“A fiery light that streaked across the treetops,” Revin replied, her voice faltered. He had only told her once, but she remembered it clearly, as it was the only connection she had to her past. “He said it disappeared into the forest and then another light, as bright as the sun at noon, lit up the night sky. He couldn’t explain why, but more scared than he had ever been in his life, he searched where the light had shown and found a clearing. In the middle of it lay a naked baby.”
“Me.” Old feelings forced their way into her thoughts, Why didn’t my parents want me?
The elderly woman nodded with a smile.
“The Gold?” Revin would just as soon put her meager beginnings behind her.
“The boy, you were kind to him.” The old woman ignored Revin’s question.
“The boy will have enough problems in life. A little kindness might give him a moment’s peace and it cost me nothing,” she answered though she was becoming more frustrated. She was puzzled by the bizarre and unrelated line of questioning.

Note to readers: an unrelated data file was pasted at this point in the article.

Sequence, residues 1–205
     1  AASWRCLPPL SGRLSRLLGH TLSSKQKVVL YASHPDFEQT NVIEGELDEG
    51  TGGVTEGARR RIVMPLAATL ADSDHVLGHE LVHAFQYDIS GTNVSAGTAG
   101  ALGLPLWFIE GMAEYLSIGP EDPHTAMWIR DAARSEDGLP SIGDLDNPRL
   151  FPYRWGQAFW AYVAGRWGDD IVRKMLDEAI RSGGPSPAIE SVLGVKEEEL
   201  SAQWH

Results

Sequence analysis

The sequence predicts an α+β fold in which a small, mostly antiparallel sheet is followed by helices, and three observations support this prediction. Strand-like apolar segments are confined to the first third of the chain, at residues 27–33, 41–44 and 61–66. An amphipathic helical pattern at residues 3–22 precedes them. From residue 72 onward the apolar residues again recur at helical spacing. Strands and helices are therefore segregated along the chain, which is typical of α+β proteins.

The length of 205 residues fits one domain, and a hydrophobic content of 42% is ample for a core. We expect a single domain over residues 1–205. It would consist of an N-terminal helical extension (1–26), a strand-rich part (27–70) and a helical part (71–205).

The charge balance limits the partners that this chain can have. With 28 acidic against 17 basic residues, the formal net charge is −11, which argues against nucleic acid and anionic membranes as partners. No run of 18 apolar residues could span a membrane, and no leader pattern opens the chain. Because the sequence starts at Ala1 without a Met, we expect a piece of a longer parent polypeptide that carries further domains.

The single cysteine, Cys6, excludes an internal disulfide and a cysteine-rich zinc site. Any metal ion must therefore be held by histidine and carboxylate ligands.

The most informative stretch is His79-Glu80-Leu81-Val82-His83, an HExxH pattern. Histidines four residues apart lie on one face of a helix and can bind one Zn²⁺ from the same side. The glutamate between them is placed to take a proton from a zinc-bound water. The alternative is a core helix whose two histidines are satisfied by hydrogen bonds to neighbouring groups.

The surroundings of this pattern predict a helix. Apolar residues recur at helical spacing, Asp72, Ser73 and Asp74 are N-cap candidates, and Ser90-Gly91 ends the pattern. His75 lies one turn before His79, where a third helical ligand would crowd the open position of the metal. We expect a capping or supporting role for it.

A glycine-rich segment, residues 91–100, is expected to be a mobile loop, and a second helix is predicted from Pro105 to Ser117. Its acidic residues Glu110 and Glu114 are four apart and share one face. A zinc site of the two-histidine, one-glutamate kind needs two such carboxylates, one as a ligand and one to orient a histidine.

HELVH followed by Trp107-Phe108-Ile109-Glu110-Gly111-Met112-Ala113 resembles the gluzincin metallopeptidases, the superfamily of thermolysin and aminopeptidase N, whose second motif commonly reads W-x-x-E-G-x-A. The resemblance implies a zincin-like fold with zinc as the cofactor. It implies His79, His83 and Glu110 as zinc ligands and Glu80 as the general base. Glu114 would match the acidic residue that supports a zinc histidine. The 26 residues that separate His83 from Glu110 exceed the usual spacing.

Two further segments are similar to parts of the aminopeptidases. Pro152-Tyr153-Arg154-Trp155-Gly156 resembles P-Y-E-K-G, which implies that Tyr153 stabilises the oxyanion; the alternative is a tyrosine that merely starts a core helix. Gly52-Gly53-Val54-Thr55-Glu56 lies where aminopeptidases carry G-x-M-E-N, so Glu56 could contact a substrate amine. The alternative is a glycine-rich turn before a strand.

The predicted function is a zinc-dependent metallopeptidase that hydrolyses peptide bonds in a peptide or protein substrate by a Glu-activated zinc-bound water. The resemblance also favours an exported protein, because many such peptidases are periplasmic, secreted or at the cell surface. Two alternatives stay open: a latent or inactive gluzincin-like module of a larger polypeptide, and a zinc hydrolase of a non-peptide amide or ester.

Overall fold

The woman stood. She was taller than Revin had thought and didn’t seem to have the bent spine Revin associated with someone her age.
“Wait!” Revin grabbed for the woman’s arm. “What do want in exchange for information on where to find the dragon?”
“You’ve already given me everything I need.” The old woman’s smile widened, and she patted Revin’s hand. “Take the northern road for two days, it runs along the Stoney Frost River. You will come to a bend in the river that looks like a hook. If you continue along the river, it will take you to Hillford. But if instead you cross the river, you will find a little-used road that stretches northwest. Follow it for four days and you will reach the village.”
“That’s beyond the border.” Revin pictured the route and realized it would take her out of Reinlanden and into primitive lands deep in the mountains. “There aren’t any villages that far north. Only the Burning Lady would go there.” However, Revin couldn’t imagine why the Goddess would bother.
Before Revin could ask more, the woman slipped from her grasp and disappeared into the growing tavern crowd.
The serving wench stepped up and looked down at the now empty chair. “Is she coming back?”
“I don’t think so.” Revin looked into the crowd and frowned as she considered the old woman’s words and thought about what they could mean. A Gold.